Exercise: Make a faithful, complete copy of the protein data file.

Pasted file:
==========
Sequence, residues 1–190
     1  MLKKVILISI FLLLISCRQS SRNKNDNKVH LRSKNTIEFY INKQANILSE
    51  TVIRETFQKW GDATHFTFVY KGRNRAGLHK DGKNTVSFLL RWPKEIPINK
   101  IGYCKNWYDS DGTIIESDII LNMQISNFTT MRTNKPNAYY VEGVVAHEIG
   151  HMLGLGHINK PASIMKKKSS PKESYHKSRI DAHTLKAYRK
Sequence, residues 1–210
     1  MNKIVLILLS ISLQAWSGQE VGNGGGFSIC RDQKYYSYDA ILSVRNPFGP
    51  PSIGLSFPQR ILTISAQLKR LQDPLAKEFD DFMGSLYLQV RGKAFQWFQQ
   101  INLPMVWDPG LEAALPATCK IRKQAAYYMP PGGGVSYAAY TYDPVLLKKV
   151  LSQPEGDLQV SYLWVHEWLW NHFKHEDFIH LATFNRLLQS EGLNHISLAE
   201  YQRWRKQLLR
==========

Sequence, residues 1–190
     1  MLKKVILISI FLLLISCRQS SRNKNDNKVH LRSKNTIEFY INKQANILSE
    51  TVIRETFQKW GDATHFTFVY KGRNRAGLHK DGKNTVSFLL RWPKEIPINK
   101  IGYCKNWYDS DGTIIESDII LNMQISNFTT MRTNKPNAYY VEGVVAHEIG
   151  HMLGLGHINK PASIMKKKSS PKESYHKSRI DAHTLKAYRK
Sequence, residues 1–210
     1  MNKIVLILLS ISLQAWSGQE VGNGGGFSIC RDQKYYSYDA ILSVRNPFGP
    51  PSIGLSFPQR ILTISAQLKR LQDPLAKEFD DFMGSLYLQV RGKAFQWFQQ
   101  INLPMVWDPG LEAALPATCK IRKQAAYYMP PGGGVSYAAY TYDPVLLKKV
   151  LSQPEGDLQV SYLWVHEWLW NHFKHEDFIH LATFNRLLQS EGLNHISLAE
   201  YQRWRKQLLR